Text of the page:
“Our deployment is more complex and integrated than in some of the other communities,” McCarthy said. “I’m looking to have state participation when it’s available.”
John DeAugustine, president and publisher of The Daily Gazette, is a member of the city’s Smart City Advisory Commission.
Attendees also heard from other officials implementing Smart Cities initiatives in their cities, including Rochester and Saratoga Springs.
Like Schenectady, Saratoga Springs is budgeting funds for Smart City projects, said Saratoga Springs Commissioner of Finance Michele Madigan, and formed a commission after being inspired by Chattanooga, Tennessee’s emergence as a tech hub.
But the city is taking a cautious approach in rolling out bold new initiatives.
“There is great technology out there,” Madigan said. “How can we spend the appropriate time evaluating it, making sure it makes sense and then implementing it?”
Involvement and communication between key community stakeholders — from schools, hospitals to the private sector — is essential, she said.
One area of particular interest in leveraging the technology is in the arts, said Madigan, citing interest from a widening group of commission participants.
Efforts by Saratoga Springs to be “smarter” in how it delivers services are ongoing, said Madigan, citing the installation of solar panels at its landfill that have driven down energy costs, as well as efforts to repair City Hall following a lightning strike last August that left the building heavily damaged.
Saratoga, too, plans on converting its streetlights to LED, and is also studying which equipment to install on poles as part of broader connectivity efforts.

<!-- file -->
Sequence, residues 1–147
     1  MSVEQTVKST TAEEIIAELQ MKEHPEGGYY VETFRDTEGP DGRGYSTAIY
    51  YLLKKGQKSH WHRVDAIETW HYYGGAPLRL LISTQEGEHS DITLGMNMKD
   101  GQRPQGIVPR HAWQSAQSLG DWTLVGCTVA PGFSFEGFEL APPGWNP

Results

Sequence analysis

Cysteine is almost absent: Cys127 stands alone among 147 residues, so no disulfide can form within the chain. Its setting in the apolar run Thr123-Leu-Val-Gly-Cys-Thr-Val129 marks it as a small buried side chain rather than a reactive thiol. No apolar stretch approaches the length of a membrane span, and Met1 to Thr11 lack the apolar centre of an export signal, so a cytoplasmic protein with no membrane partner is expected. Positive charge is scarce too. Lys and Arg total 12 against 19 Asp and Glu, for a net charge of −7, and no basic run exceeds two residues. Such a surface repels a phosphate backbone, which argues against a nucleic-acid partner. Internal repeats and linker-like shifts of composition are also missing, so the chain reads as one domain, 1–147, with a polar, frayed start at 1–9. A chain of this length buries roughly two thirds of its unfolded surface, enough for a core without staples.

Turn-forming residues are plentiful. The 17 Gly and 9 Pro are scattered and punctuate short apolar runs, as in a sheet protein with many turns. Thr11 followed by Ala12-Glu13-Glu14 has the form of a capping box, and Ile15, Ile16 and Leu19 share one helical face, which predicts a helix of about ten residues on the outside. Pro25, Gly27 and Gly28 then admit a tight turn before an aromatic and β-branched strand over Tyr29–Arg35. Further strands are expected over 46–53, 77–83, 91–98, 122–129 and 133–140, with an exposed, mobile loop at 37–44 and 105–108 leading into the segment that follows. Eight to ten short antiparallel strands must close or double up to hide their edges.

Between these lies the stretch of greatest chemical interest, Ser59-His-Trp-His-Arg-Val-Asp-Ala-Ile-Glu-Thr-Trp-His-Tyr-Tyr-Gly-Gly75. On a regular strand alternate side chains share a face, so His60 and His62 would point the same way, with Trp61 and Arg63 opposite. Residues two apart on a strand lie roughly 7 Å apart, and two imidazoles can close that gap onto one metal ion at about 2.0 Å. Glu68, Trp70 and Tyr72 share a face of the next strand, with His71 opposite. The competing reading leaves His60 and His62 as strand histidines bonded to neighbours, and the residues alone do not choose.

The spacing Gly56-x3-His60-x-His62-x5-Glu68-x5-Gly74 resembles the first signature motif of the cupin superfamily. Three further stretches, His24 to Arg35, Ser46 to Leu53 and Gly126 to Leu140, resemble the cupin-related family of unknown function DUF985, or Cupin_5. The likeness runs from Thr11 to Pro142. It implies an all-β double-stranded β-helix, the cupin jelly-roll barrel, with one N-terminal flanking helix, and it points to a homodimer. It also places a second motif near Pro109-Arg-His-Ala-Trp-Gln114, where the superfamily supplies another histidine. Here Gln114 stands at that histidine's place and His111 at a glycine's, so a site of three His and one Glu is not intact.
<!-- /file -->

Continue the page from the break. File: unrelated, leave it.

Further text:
Madigan emphasized the need to strike a balance between rolling out initiatives while also ensuring they will alleviate traditional city issues, whether it’s parking, plowing or wastewater issues at Saratoga Race Course.
“It’s an ongoing process of keeping the door open and having a dialogue with all of the partners,” she said
Katherine May, chief performance officer for the city of Rochester, said while she’s overall supportive of the Smart City concept, she urges localities to apply the brakes when weighing deep investments and to ensure the proper groundwork and basic infrastructure is in place so initiatives are deployed effectively.
That includes ensuring the proper human resources are available to analyze data generated from new technologies.
“We have to have that full chain figured out, and that’s where we are in Rochester,” May said.
McCarthy acknowledged challenges remain as cities begin to embrace new technology, including how to sort through the sheer amount of data generated by new initiatives.
But he encouraged attendees to weigh those costs against remaining static.
“You’re going to spend the money either maintaining flawed systems or you’re going to spend the money because you have a built-in operational inefficiency,” McCarthy said. “Or you can chip away at it and do it in a manner that transitions from the old legacy environments to the emerging technologies. It’s not an easy choice because there’s not a clear path that has been done before — that’s why people are here today trying to map that out.”